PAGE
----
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Role of social knowledge networks in Enterprise 2.0

As an Inmagic consultant, I have the opportunity to view many different areas of the business landscape from an outsider's perspective. From messaging development, to on-site customer consultations, to product roadmapping, my colleagues call me the "Renaissance Man of Social Knowledge Networks."

In my travels over the last few months, I've learned from customers how social knowledge networks, and specifically Presto, fit in to the E2.0 ecosystem. Time and again, the social aspects of our product are the special sauce that makes a difference within enterprise communities. In no particular order, here are some ways I'm seeing social knowledge networks apply to E2.0:

1. Content is the heart, social tools are the blood. When implementing any E2.0 technology, there is typically an initial enthusiasm for a product, particularly when it is first deployed "in good condition." Over time though, many products loose impetus and are abandoned, as has happened with many-a SharepPoint implementation.

A key aspect, and perhaps the saving grace of social tools, is its ability to keep content relevant by encouraging people to say (rate, comment) when it is not. This in turn will cause updates to the content to happen when necessary. So if you think of the Presto repository and its content as the heart of the system, the socialization is the life blood pumping through the heart to keep it going.

2. Build with content and they will come. When a Presto repository is built, it is built with a particular set of individuals and content in mind. Building community around the content is the next natural step in making the content much more useful. And by useful I mean that when peoples' tags, ratings, and comments are what create unique efficiencies in the system.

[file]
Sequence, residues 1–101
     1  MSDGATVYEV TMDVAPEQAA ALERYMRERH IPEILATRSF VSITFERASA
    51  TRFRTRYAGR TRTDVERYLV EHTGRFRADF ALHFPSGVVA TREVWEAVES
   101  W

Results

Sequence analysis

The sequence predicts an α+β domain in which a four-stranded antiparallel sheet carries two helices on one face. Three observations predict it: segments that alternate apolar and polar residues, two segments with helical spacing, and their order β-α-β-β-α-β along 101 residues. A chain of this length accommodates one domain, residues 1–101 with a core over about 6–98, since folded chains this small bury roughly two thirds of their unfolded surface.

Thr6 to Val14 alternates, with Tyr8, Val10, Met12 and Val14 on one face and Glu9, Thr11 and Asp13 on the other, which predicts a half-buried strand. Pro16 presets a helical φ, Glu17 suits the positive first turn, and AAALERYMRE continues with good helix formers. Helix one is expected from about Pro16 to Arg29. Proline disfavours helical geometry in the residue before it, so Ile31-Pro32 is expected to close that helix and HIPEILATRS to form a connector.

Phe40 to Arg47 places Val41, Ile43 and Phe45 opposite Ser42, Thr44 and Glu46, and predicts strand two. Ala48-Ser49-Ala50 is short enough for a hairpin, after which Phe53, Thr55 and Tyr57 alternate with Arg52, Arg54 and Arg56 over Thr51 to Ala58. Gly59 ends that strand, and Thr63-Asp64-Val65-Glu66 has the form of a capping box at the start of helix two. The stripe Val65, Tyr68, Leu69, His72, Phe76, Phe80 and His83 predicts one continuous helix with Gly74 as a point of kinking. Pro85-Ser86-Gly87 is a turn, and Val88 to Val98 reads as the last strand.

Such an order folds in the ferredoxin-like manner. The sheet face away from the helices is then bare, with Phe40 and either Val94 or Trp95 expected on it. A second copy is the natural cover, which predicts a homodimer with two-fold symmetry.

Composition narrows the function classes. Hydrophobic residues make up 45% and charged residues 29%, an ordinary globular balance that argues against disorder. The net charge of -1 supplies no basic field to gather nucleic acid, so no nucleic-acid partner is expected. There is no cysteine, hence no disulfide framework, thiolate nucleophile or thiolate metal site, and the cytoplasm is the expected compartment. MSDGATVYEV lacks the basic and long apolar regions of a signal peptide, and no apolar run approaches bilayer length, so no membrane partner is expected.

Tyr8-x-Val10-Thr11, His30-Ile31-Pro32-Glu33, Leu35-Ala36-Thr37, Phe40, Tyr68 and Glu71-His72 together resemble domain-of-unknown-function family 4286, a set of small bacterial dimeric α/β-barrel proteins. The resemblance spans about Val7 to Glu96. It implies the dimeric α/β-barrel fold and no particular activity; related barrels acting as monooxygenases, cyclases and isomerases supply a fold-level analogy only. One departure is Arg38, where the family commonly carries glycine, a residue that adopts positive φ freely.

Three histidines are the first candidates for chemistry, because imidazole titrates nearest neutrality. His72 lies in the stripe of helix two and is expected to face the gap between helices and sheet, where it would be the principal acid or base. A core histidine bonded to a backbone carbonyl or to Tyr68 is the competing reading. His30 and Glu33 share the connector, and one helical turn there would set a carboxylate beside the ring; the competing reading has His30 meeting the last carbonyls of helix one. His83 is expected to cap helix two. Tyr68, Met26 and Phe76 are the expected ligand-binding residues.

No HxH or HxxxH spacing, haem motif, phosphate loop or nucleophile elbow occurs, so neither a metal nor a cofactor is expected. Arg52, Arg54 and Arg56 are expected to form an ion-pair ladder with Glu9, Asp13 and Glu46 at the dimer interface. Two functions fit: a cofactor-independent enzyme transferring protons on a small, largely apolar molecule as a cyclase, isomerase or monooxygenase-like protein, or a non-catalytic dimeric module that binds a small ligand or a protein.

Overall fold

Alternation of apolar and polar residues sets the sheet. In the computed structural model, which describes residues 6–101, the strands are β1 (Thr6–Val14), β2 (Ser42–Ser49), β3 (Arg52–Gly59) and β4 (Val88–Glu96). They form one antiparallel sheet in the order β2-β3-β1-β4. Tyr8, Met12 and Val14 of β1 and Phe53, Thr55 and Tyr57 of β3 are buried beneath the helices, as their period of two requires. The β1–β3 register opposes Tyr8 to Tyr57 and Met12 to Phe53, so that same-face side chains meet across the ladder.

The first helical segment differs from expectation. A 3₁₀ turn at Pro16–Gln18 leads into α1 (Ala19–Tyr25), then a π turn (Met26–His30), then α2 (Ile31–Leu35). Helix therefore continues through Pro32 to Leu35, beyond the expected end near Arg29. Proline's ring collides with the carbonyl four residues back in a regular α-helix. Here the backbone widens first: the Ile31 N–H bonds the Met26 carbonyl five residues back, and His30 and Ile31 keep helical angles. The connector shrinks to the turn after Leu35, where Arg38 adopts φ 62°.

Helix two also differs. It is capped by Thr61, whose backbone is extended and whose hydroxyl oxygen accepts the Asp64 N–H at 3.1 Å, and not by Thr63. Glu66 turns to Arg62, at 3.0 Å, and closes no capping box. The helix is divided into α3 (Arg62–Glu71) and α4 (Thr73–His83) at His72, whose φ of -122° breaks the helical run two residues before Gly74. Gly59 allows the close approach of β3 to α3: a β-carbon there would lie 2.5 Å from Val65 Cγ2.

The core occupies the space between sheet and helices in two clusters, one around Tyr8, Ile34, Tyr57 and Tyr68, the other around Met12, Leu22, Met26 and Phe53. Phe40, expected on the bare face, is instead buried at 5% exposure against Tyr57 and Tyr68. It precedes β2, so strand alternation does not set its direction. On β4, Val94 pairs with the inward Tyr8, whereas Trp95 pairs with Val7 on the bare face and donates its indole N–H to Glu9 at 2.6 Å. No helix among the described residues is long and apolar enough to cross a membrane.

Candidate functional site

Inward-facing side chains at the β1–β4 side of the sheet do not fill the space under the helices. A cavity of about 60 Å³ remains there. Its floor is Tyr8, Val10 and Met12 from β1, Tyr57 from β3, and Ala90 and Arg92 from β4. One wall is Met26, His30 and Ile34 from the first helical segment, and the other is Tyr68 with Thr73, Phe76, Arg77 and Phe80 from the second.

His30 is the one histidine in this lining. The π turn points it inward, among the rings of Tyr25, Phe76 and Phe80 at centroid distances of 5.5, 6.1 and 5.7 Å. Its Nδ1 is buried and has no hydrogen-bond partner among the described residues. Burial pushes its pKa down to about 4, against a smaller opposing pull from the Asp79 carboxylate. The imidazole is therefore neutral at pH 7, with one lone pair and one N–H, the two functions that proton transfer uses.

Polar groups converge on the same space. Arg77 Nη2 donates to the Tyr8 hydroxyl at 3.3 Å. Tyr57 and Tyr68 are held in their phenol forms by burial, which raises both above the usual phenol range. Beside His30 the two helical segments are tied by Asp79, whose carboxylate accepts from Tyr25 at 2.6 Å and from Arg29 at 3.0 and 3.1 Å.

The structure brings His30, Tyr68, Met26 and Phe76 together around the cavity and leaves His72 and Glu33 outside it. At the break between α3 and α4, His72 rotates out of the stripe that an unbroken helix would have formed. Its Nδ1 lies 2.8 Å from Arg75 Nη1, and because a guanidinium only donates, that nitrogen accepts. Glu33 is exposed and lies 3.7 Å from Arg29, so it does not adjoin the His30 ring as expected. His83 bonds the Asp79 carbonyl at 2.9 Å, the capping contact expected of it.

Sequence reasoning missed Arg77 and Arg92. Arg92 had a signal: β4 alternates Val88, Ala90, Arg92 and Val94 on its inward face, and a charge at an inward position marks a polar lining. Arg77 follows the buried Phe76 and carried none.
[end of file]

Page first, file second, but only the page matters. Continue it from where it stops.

Think of When I view a product, I immediately look at the ratings and comments to see if other peoples' experiences are good or bad. So too with content. If there are lots of related documents with overlapping subject matter, the social tagging will help weed out the good from the bad, or the successful from the not.

I like this quote from Ludwig Wittgenstein, which frames this point well: "Knowledge is in the end based on acknowledgement." Applied to Presto, I would say this means that until someone rubber stamps content and says it's good, it is potentially misinformation, not knowledge.

3. People provide power. Enterprise organizations shouldn't underestimate the power of real community. The community is what keeps enthusiasm for social technologies going over longer periods of time, and what creates new and increased value coming from them. I believe that connecting people to people, with content as context, is crucial.

4. Tapping community wisdom fuels knowledge retention. This is a biggie now and will be bigger over the next few years. Companies are focusing initiatives and spending money on this issue now. Knowledge retention focuses primarily on what's in people's heads, and encouraging the use of community-based social tools is probably the easiest way to do this.

5. Subject-matter experts improve content quality. Individuals marking content as "good" or "bad" through social tools will ensure others are pointed in the right direction, and will decrease trial and error. In addition, content analytics will also clearly show over time what's used and what's not, and what's useful and what's not. This will be crucial information that feeds directly into the systems designed for content creation (DM, DAM, etc.).

For example, if the company spends $XX on producing a sales toolkit or other materials, and it is accessed by one person rather than 100, is it successful? Should it be updated or scrapped? I think this is a good way of thinking about how Presto relates to content creation in general, which creates value even outside of the community that directly use Presto.

6. SKNs connect content in relevant, informative ways. When people find useful stuff, they like to find more related useful stuff. This is usually done by searching and seeing related items. Social knowledge networks offer the opportunity to find other useful stuff by letting users:

a. Group documents in collections.
b. Leave comments such as, "if you like this, perhaps this would also be useful," because they have been in this situation before.
c. Discover that "if Joe thinks docX is good, lets see what else Joe thinks is useful."

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